African-American Poetry: An Anthology, 1773-1927

African-American Poetry: An Anthology, 1773-1927

by Joan R. Sherman (Editor)


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In the 19th century, abolitionist and African-American periodicals printed thousands of poems by black men and women on such topics as bondage and freedom, hatred and discrimination, racial identity and racial solidarity, along with dialect verse that mythologized the Southern past. Early in the 20th century, black poets celebrated race consciousness in propagandistic and protest poetry, while World War I helped engender the outpouring of African-American creativity known as the "Harlem Renaissance."
The present volume spans this wealth of material, ranging from the religious and moral verse of Phillis Wheatley Peters (ca. 1753–1784) to the 20th-century sensibilities of Langston Hughes and Countee Cullen. Also here are works by George Moses Horton, Frances Ellen Watkins Harper, Alberry Alston Whitman, Henrietta Cordelia Ray, Daniel Webster Davis, Mary Weston Fordham, James Weldon Johnson, Paul Laurence Dunbar, and many more.
Attractive and inexpensive, this carefully chosen collection offers unparalleled insight into the hearts and minds of African-Americans. It will be welcomed by students of the black experience in America and any lover of fine poetry.

Product Details

ISBN-13: 9780486296043
Publisher: Dover Publications
Publication date: 07/07/1997
Series: Dover Thrift Editions
Pages: 96
Sales rank: 169,903
Product dimensions: 5.00(w) x 8.00(h) x (d)
Age Range: 11 Years

Table of Contents

Phillis Wheatley Peters
On Being Brought From Africa to America
An Hymn to the Evening
George Moses Horton
Liberty and Slavery
Early Affection
Troubled with the Itch and Rubbing with Sulphur
Imploring to Be Resigned at Death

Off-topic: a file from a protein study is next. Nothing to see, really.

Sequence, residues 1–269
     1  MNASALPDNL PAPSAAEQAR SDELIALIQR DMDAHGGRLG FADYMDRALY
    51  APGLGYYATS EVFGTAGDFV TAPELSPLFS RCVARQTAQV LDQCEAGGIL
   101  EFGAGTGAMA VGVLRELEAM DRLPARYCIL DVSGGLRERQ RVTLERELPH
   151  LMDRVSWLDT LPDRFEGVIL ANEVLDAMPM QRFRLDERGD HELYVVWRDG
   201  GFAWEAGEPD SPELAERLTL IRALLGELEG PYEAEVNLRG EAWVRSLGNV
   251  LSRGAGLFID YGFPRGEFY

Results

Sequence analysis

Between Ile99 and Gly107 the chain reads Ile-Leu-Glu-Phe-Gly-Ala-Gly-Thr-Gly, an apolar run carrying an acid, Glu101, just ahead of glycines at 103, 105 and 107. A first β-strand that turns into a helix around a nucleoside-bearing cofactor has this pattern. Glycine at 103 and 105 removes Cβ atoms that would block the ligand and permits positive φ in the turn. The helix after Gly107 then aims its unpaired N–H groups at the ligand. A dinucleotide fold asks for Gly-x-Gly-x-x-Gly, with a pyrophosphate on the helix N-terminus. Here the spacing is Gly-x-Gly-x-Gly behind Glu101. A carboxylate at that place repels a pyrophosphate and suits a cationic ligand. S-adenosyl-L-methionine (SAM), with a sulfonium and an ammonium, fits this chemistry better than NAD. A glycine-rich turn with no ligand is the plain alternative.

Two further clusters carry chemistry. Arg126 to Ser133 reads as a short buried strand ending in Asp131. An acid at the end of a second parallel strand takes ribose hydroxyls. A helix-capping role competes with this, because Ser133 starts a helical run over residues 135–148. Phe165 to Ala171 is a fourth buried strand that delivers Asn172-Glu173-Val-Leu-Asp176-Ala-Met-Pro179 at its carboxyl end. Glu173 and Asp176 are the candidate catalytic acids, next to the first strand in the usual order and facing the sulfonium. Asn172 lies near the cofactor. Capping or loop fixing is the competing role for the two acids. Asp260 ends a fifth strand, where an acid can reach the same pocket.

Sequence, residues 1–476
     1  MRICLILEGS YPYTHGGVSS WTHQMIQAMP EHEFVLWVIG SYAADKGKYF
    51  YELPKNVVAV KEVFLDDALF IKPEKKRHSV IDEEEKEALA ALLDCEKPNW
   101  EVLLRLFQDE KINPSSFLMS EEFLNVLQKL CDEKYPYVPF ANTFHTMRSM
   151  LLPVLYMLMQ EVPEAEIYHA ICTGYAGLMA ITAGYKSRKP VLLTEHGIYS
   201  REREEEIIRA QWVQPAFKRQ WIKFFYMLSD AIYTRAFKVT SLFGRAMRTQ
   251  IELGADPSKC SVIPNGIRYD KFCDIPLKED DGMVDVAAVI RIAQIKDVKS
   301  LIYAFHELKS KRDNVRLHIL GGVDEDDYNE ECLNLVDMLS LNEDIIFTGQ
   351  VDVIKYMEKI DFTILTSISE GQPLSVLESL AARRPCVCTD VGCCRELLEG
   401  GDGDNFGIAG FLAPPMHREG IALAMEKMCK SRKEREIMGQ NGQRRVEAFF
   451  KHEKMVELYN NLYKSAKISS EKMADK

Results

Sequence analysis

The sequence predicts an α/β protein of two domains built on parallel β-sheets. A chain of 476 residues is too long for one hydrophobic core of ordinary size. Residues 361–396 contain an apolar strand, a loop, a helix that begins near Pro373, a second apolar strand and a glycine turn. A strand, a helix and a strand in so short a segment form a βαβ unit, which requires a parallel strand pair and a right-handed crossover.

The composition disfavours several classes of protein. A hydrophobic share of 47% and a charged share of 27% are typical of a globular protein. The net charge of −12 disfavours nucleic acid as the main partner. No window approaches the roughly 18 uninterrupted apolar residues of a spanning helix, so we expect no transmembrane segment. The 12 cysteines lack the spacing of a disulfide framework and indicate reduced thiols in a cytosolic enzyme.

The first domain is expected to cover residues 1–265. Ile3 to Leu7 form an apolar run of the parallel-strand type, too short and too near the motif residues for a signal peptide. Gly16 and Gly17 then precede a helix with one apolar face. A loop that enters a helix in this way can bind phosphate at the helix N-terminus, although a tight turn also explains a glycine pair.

"George Moses Horton, Myself"
Joshua McCarter Simpson
Away to Canada
To the White People of America
James Monroe Whitfield
How Long?
The Misanthropist
Francis Ellen Watkins Harper
Bury Me in a Free Land
To the Union Savers of Cleveland
From Moses: A Story of the Nile
"Sir, We Would See Jesus"
Learning to Read
Songs for the People
James Madison Bell
From A Poem Entitled the Day and the War
From An Anniversary Poem Entitled the Progress of Liberty
Charlotte L. Forten Grimké
Alfred Islay Walden
Wish for an Overcoat
Alberry Alston Whitman
"From Not a Man, and Yet a Man"
From Twasinta's Seminoles; or Rape of Florida
Henrietta Cordelia Ray
Robert G. Shaw
Verses to My Heart's-Sister
George Marion McClellan
A September Night
The Feet of Judas
A January Dandelion
"Joseph Seamon Cotter, Sr."
Frederick Douglass
Dr. Booker T. Washington to the National Negro Business League
The Don't-Care Negro
Josephine Delphine Henderson Heard
"They Are Coming?"
Danel Webster Davis
I Can Trust
Aunt Chloe's Lullaby
Mary Weston Fordham
Atlanta Exposition Ode
James Edwin Campbell
Ol' Doc' Hyar
Mors et Vita
De Cunjah Man
Sciplinin' Sister Brown
James David Corrothers
"De Black Cat Crossed His Luck"
Paul Laurence Dunbar
At the Closed Gate of Justice
An Indignation Dinner
James Weldon Johnson
Lift Ev'ry Voice and Sing
O Black and Unknown Bards
The White Witch
Priscilla Jane Thompson
The Muse's Favor
Paul Laurence Dunbar
An Ante-Bellum Sermon
We Wear the Mask
When Malindy Sings
The Haunted Oak
The Poet
Anne Spencer [Annie Bethel Scales Bannister]
White Things
Letter to My Sister
Claude McKay
The Harlem Dancer
If We Must Die
The Tropics in New York
Jean Toomer
Georgia Dusk
Her Lips Are Copper Wire
Langston Hughes
The Negro Speaks of Rivers
"I, Too"
Bound No'th Blues
Mother to Son
Countee Cullen
Yet Do I Marvel
"To John Keats, Poet, at Springtime"
From the Dark Tower

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